Chris Atkins (documentary-maker) did the crime and did the time… and took notes along the way to write and narrate this bang-up (ha! prison pun) account of his time in prison. From just before his arrival, we follow his journey through the various wings of HMP Wandsworth and the horrible conditions therein.
Like Atkins, I’ve never put a whole lot of thought into what prisons are really like. I guess working off the assumption I’ll never end up in one (being an honest and stand-up kind of guy) the day-to-day realities aren’t something I ever put any time into thinking about.
And fair cop, I don’t know if the prison life represented in this book is in any way representative of prisons in Australia where I am, but I can’t help but think there would be a lot of similarities. The rhetoric spun out by those “tough on crime” here in Australia shares much in common with that told in Atkins’ story.
Atkins is locked up on a five-year stretch, which means he’ll serve about two and a half inside. The prison conditions are appalling and get worse, and the story unfolds as prison cutbacks and other factors mean many prisoners are locked up with no chance of leaving their cells for days at a time.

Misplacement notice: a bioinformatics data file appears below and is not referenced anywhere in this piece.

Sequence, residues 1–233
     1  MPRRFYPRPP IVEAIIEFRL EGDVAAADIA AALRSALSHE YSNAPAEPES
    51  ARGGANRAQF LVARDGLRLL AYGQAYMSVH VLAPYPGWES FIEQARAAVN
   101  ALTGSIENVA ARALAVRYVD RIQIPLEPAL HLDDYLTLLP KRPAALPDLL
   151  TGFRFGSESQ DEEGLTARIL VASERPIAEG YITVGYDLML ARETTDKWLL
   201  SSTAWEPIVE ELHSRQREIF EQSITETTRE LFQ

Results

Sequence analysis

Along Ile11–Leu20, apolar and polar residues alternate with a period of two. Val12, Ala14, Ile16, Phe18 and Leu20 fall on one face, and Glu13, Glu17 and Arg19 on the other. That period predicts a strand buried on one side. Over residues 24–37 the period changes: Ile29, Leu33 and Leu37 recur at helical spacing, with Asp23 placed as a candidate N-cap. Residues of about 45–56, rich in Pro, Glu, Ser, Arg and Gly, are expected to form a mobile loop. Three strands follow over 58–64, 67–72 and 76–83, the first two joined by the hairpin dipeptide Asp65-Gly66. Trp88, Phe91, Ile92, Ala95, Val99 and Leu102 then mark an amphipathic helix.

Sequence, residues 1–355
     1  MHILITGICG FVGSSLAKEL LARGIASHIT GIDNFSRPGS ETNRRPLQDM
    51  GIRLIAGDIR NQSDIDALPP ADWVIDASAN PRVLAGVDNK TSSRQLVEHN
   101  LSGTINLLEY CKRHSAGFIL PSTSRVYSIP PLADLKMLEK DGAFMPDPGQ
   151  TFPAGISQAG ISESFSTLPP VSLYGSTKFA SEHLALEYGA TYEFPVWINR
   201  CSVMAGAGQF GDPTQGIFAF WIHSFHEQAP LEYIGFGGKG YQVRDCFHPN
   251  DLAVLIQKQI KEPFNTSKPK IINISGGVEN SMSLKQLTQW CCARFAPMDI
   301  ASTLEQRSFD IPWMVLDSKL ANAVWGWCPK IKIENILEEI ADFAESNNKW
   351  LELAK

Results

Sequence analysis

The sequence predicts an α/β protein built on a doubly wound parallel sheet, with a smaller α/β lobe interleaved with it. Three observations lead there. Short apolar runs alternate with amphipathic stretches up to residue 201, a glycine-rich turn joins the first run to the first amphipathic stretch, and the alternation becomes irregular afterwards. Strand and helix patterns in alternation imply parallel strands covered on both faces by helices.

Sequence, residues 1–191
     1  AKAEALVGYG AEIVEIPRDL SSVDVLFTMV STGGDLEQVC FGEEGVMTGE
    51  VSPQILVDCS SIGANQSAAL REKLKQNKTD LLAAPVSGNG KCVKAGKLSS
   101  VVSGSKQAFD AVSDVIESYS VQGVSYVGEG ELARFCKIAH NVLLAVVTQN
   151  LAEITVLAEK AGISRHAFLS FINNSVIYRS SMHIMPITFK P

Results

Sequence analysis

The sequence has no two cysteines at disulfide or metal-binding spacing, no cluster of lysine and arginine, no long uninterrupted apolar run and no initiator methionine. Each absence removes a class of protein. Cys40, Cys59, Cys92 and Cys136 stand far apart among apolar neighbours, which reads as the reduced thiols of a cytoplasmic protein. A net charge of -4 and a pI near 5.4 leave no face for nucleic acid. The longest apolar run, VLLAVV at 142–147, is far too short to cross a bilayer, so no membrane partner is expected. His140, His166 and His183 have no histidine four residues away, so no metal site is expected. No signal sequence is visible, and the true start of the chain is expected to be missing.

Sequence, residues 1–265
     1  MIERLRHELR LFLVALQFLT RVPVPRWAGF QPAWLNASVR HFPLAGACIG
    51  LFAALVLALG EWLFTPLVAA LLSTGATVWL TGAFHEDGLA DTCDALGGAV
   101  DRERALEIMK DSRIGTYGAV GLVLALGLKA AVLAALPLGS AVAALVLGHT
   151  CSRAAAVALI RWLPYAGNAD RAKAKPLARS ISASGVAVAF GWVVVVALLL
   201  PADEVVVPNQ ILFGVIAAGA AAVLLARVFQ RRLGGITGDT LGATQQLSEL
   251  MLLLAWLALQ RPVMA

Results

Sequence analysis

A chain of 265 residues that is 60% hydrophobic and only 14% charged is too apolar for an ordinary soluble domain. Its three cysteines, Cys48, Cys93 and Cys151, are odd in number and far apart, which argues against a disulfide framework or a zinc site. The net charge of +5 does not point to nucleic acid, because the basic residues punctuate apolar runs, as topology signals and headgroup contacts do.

He gets in with other “white-collar” criminals and essentially brown-noses his way into a better wing with better conditions, more time out of the cells and more time to talk to his kid on the phone. If I’m being honest, I’d probably do the same thing given the chance, so I don’t fault him at all for sucking up to those in charge.
At times heartbreaking, and other times laugh-out-loud funny, Chris spins the tale like the season documentary maker he is. He makes astute observations along the way with the failings in the prison system, with impassioned pleas I hope somebody in power listens to.
There’s a famous quote by Fyodor Dostoevsky that goes:
“The degree of civilization in a society can be judged by entering its prisons.”
It was something I thought about a lot while listening to this book, and I landed on the conclusion that most societies if judged by this standard, would fall way short. Indeed, Atkins mentions something similar towards the end of the book.
There are frequent “asides” in the book marked with brief music interludes. These, Atkins explains, are individual sections in the printed book. They’re absolutely invaluable to the story, so I am glad they found such an interesting way to keep them and make it obvious when you were dropping out of the “diary” flow and into the “explanation” sections.
A fantastic listen that kept me riveted throughout… and gave me new insights into a world so foreign to me yet is such a part of everyday society. Hopefully, it inspires the changes needed to improve the prison systems of the world.